French novella ("The Silence of the Sea") written in 1942 by Jean Bruller and published secretly under his pseudonym, "Vercors". Which is just as well, as it quickly became a symbol of mental resistance
against the German occupation.
The story centres on an elderly man and his young niece, who are forced to share their home with a German officer named Werner Von Ebrannac, and though they are unable to hinder him directly, they resolve to show resistance by never saying a word to him. The uncomfortable arrangement is complicated by the fact that Werner is a polite Francophile
who genuinely desires amity with his unwilling hosts and between their two warring nations.
A 1946 English TV adaptation was one of the first programmes broadcast by the BBC after the end of World War II
. The book has also been adapted into two French-language films - one of them Jean-Pierre Melville's feature-length debut - and several stage plays.
This work contains examples of:
- Alas, Poor Villain
- Artistic License – History: Part of Werner's Heel Realization comes on a visit to Paris in September 1941, when he reads a memo from March 1941 about operations at Treblinka. Treblinka was not brought into service as an extermination camp until 1942.
- Attempted Rape: Pascal attacks Jeanne in her home when she refuses his advances, but her screams alert Werner.
- Break Them by Talking: Inverted. The uncle and the niece break the officer by not talking.
- During the War: The interplay between a German officer and his two unwilling hosts in a small house in occupied France.
- Elective Mute: The uncle and niece refuse to say a single word to the German officer who has been quartered in their home.
- Elegant Classical Musician: Jeanne and Werner
- External Combustion
- Final First Words: "Adieu", says the niece to Werner as he's leaving.
- Gentleman and a Scholar: Werner positively gushes when he sees his hosts' library.
- Heel Realisation: Happens during Werner's time in Paris.
- Hitler Cam: The 1949 film uses this several times, including some instances shot from the POV of the uncle sitting in a chair, but also a couple of shots from the inside of the fireplace as Werner stands over the fire.
- Just Following Orders: Werner is no doubt thinking about this at the end, when, right before leaving, he cracks open an Anatole France book and sees the quote "It is beautiful for a soldier to disobey orders which are criminal."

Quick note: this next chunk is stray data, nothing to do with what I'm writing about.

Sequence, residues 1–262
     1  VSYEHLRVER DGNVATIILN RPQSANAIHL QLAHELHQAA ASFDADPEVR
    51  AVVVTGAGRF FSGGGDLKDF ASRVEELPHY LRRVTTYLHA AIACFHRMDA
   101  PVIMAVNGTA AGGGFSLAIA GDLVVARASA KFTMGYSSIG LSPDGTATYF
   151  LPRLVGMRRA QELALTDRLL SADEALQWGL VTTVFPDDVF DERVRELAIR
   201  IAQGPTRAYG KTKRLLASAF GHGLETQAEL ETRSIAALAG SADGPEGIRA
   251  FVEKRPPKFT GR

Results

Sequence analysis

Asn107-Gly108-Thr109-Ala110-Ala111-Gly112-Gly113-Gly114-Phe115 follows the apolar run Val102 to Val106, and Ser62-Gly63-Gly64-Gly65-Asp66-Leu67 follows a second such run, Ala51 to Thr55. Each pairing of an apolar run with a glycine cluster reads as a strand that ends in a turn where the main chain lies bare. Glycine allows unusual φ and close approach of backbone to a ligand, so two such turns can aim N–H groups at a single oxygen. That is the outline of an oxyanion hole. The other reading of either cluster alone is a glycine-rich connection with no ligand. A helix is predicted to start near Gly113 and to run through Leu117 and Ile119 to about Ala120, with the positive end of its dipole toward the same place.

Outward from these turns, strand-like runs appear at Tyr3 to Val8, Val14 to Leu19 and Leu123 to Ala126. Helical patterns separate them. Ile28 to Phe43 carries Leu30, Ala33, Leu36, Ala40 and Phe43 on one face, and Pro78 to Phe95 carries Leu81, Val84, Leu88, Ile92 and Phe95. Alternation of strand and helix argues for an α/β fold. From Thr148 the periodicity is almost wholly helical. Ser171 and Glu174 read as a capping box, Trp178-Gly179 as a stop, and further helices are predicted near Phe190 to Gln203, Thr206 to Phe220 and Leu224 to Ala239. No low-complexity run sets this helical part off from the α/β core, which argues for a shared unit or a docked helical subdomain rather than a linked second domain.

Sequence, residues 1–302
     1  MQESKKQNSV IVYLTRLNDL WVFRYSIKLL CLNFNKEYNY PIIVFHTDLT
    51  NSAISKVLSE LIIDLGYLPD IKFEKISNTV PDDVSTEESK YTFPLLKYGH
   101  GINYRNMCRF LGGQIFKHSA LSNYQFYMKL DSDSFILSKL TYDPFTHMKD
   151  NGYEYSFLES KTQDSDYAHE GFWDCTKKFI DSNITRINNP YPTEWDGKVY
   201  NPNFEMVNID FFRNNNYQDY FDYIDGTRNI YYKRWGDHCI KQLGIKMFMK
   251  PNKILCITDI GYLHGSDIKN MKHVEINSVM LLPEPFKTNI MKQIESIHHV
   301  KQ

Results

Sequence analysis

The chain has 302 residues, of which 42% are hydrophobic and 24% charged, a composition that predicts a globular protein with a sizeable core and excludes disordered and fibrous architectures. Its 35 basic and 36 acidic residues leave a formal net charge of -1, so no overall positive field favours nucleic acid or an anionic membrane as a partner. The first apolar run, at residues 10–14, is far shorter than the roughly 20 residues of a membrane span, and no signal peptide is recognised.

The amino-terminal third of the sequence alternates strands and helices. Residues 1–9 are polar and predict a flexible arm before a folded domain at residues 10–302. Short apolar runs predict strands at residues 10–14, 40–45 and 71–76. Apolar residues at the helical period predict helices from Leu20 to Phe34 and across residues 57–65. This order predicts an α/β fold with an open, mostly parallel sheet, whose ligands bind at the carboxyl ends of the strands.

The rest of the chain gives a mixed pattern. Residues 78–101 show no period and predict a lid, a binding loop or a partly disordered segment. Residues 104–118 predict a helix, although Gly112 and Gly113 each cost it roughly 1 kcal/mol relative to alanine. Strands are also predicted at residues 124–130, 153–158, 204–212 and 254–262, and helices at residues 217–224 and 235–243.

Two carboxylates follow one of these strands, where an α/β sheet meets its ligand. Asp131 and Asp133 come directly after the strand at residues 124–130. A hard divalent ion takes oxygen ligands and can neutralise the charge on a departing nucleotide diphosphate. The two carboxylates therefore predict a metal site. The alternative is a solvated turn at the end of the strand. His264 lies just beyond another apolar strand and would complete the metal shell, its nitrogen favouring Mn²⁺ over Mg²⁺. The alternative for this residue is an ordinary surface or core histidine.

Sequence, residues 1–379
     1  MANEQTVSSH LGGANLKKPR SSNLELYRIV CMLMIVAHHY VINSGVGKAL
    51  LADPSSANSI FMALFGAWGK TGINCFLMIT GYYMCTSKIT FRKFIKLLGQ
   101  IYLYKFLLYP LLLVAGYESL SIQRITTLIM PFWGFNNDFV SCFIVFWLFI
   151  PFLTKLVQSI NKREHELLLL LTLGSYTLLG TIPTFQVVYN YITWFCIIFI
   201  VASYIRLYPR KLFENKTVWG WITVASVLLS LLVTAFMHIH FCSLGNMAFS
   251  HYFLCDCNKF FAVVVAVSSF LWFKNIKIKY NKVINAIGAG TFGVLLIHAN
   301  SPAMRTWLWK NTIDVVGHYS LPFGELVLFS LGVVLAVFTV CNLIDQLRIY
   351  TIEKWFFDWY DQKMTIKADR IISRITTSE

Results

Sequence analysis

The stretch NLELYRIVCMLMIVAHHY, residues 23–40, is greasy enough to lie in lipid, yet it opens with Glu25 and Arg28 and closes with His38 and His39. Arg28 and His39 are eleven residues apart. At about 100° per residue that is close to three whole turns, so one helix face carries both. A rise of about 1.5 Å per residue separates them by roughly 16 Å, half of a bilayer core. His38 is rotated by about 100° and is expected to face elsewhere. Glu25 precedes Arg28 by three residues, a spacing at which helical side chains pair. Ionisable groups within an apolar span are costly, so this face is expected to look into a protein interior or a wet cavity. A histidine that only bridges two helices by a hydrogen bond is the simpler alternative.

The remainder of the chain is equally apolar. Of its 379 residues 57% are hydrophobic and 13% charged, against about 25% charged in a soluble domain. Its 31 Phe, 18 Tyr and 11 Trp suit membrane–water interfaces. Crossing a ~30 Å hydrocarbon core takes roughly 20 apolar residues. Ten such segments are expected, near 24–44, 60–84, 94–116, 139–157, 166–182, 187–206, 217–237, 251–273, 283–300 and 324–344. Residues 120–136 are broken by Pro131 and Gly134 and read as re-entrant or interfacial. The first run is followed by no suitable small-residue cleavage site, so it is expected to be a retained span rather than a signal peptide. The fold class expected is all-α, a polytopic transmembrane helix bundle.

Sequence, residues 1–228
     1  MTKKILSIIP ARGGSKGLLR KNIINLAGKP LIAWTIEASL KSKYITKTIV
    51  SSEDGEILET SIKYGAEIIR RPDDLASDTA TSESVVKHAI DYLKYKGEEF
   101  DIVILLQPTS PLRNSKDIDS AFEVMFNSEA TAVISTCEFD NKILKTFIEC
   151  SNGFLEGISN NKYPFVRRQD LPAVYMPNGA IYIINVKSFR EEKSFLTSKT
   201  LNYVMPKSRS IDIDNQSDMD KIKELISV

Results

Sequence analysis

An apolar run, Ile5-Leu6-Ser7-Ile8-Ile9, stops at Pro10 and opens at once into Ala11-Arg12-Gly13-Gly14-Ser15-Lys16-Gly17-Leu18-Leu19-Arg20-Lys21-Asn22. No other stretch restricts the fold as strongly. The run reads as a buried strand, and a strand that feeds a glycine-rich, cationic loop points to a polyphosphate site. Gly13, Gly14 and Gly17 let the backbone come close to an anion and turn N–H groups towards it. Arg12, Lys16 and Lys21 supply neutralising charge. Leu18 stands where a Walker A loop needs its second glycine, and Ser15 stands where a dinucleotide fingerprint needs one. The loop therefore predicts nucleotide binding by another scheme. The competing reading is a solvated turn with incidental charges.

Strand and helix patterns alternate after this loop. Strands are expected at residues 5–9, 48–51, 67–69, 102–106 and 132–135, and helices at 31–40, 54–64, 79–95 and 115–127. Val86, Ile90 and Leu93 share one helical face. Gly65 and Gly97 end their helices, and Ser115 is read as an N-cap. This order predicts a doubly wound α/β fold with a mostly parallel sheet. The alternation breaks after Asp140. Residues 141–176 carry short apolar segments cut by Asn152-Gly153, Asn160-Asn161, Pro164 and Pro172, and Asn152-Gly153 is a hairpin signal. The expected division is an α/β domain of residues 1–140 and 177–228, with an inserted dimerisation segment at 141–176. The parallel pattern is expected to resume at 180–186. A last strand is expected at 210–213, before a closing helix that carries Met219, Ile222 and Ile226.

- La Résistance: Naturally, as the author was a member of the French resistance when he wrote the book.
- No Name Given: In the original novel, the two principal characters are known only as "the uncle" and "the niece". In the 1949 film, Werner is the only character who has a name.
- Officer and a Gentleman: Werner to a tee. As André says, "He seems decent, thank God."
- Pay Evil unto Evil: Werner has Pascal arrested by the Gestapo after the latter assaults Jeanne.
- Place Worse Than Death: When Werner reveals that he has requested a transfer to the Eastern Front, he remarks to his hosts that he is "Off to Hell".
- Polite Villains, Rude Heroes: Although Werner barely qualifies as a villain.
- Pragmatic Adaptation: The 1949 film omits the Attempted Rape plot point.
- Raised by Grandparents: Jeanne in the 2004 TV film, which changed the relationship of the two main characters to a grandfather and granddaughter.
- Reassigned to Antarctica: Although he does it to himself, volunteering to leave his cushy, pleasant duty station in occupied France and instead fight on the Eastern Front.
- Revenge by Proxy: 99 French hostages are shot in retaliation for a Resistance attack that kills two German officers.
- The Thing That Would Not Leave: A rare use of this for drama, as Werner doesn't have to leave.
- Thinking Out Loud: Werner, frequently, as he attempts to fill the uncomfortable silence, and connect with his hosts.
- Title Drop
- Tranquil Fury: The humiliated anger of the uncle and niece is palpable, but never finds expression, except maybe in a few Death Glares. In the 2004 film, Werner's reaction when he prevents Pascal's Attempted Rape of Jeanne also qualifies.
- Worthy Opponent: How Werner views France.